Researchers say exploring intermediate stages of tomato domestication has direct implications for crop improvement.  |  File photo

Tomato’s evolution took several turns

Researchers discover more to the vegetable’s development than the previously believed two-step evolutionary process

For decades it was thought that tomatoes became domesticated in a two-step process. This oversimplified view involved the transition of the small, wild blueberry-sized tomato Solanum pimpinellifolium L to an intermediate fruit and then to the fully domesticated, cultivated tomato. But there were missing links. Tomatoes are one of the world’s most consumed, highest valued […] Read more

The bacteria that researchers have genetically modified would protect honeybees from varroa mites and deformed wing virus.  |  File photo

Engineered bacteria can protect honeybees

The genetically modified strain would live in the gut of honeybees and produce medicines to protect against diseases

In recent years, beekeepers have suffered huge losses of their honeybees because of colony collapse. Long, harsh winters, starvation, poor or failing queens, habitat loss, weak colonies, and parasites and viruses have combined to killed millions of bees, in some cases causing catastrophic losses of hives. According to the Canadian Association of Professional Apiculturists’ (CAPA) […] Read more

Newly discovered protein acts as on-off switch for plants

What makes plants grow? Or not? Scientists at the University of California Riverside discovered an answer to that question when studying Arabidopsis, a plant in the mustard family. While looking for clues to how plant cells divide or expand, they discovered a protein they named IRK in the cells of root tips. “It was very […] Read more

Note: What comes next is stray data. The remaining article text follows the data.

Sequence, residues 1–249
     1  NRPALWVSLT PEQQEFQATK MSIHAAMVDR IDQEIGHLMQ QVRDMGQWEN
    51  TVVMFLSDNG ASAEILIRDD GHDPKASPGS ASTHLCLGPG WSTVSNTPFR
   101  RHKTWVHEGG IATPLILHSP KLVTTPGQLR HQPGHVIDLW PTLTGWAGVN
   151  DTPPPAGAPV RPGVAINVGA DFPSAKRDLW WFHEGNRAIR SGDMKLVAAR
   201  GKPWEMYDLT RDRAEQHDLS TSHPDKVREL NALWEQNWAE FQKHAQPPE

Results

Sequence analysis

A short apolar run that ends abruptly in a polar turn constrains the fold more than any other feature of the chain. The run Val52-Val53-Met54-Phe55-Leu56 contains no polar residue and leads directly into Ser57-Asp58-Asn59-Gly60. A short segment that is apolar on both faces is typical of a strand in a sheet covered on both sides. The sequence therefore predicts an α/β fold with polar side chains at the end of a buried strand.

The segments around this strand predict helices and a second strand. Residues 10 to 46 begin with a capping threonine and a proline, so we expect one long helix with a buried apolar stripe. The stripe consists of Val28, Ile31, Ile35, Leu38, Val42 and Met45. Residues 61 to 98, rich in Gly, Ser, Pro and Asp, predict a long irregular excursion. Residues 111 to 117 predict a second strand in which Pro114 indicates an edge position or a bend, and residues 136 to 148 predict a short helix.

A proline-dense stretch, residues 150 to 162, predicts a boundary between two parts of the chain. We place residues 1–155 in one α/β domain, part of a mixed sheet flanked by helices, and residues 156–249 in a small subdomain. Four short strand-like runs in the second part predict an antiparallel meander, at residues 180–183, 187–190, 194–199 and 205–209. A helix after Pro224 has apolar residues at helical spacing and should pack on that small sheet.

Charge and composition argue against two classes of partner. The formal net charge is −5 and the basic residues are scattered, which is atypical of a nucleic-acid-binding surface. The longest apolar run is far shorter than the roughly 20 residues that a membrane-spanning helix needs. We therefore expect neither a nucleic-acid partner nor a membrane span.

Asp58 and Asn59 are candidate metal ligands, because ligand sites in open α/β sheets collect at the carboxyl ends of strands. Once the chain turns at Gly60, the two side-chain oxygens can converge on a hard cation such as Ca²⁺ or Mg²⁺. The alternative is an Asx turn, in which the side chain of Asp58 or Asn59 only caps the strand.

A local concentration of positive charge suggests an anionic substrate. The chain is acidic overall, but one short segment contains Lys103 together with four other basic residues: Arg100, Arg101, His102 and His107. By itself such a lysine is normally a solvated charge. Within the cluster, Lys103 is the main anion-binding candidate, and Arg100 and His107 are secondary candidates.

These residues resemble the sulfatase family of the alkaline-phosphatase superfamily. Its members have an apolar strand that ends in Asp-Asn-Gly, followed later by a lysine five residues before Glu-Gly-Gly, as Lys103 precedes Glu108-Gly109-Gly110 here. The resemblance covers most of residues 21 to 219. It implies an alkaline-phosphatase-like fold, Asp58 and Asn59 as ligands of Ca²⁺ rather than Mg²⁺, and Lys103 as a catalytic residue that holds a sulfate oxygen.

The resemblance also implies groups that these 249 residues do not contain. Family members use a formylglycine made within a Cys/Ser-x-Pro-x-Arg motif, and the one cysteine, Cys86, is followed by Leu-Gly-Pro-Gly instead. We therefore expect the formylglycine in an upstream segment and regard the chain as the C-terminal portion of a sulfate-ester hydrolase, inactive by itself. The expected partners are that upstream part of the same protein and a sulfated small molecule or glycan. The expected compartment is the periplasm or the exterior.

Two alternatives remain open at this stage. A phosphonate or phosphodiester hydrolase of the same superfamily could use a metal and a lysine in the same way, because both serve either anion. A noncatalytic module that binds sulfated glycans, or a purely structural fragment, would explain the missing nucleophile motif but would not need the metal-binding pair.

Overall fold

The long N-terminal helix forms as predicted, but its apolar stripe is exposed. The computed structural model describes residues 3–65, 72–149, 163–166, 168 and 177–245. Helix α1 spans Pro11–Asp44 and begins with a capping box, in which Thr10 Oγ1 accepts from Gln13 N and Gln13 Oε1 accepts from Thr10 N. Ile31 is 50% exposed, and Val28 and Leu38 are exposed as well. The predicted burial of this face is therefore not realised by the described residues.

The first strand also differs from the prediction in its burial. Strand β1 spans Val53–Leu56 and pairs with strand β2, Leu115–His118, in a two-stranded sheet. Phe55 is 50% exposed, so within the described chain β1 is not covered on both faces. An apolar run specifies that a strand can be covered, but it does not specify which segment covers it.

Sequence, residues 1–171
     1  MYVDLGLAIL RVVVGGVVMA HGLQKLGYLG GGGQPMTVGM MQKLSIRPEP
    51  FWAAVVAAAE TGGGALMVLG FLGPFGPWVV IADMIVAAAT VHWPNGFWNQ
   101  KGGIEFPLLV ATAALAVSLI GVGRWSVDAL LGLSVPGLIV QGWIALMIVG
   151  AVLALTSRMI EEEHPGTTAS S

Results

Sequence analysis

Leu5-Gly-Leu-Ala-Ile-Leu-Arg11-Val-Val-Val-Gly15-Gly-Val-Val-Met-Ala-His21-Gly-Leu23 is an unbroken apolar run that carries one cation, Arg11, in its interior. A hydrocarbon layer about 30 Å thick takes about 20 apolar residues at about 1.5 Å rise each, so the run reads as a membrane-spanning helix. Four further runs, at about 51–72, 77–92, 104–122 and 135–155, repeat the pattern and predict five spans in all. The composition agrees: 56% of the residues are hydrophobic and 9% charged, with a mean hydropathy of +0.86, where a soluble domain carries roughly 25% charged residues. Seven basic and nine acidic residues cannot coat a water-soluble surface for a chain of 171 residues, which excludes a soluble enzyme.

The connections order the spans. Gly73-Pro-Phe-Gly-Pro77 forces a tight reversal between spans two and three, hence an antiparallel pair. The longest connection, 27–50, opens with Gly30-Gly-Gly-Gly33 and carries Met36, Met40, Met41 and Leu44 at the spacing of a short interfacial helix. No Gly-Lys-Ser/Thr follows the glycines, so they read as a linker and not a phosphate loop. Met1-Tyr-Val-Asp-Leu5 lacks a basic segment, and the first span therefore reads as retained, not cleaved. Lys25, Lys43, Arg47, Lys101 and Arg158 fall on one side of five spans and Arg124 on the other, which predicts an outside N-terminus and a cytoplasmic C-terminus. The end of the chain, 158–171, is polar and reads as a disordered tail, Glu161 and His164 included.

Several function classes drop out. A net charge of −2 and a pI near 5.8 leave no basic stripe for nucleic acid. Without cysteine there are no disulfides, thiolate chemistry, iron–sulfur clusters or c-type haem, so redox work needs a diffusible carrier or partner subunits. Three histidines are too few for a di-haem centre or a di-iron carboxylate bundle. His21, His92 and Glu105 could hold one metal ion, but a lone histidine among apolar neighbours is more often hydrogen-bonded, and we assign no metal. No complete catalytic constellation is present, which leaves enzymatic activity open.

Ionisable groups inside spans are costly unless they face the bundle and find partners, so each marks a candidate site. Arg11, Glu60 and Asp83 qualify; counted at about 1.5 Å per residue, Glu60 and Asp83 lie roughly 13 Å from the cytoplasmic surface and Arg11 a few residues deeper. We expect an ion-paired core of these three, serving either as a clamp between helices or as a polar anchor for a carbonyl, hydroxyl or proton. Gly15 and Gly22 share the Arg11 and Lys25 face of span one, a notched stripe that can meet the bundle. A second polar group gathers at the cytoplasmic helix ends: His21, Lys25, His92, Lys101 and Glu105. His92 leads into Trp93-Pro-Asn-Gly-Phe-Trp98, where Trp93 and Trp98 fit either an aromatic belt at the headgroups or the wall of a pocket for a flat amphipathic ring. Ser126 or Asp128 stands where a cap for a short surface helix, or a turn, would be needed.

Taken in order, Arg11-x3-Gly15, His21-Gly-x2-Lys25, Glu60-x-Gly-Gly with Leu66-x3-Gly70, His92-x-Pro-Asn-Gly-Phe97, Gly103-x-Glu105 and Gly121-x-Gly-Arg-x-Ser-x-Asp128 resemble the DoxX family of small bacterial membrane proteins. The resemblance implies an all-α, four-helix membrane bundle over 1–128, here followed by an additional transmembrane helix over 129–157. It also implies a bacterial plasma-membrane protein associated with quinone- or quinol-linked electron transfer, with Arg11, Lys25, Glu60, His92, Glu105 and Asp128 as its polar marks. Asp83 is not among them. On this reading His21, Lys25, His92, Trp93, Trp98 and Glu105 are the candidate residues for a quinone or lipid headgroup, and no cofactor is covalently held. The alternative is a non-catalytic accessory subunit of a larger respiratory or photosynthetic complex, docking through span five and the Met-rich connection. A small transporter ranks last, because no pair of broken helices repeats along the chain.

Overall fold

Professor David Stern examines test corn plants at Boyce Thompson Institute with Coralie Salesse-Smith. They are looking for varieties that will be better able to cope with cold weather.  |  Boyce Thompson Institute photo

New corn variety copes better with cold

Corn is the third largest grain crop in Canada and the number one crop in Ontario in terms of production. Nationally, yields vary depending on weather, and 2019 was a particularly challenging year. Heavy rain and colder than normal temperatures made planting conditions difficult in Eastern Canada. Very dry conditions persisted into the growing season […] Read more

Researchers have learned how to use silk from a domestic silkworm to coat seeds with rhizobacteria.  |  REUTERS/Hereward Holland photo

Coating seeds with silk extends their reach

The silk is treated with rhizobacteria, which allows seeds to germinate and thrive in otherwise unproductive soil

Silk is one of the most valued natural resources in the world, used in everything from bedding to parachutes, clothing, bike tires and surgical sutures. It also has a unique agricultural application. A research team at the Massachusetts Institute of Technology has developed a way to coat seeds with silk that has been treated with […] Read more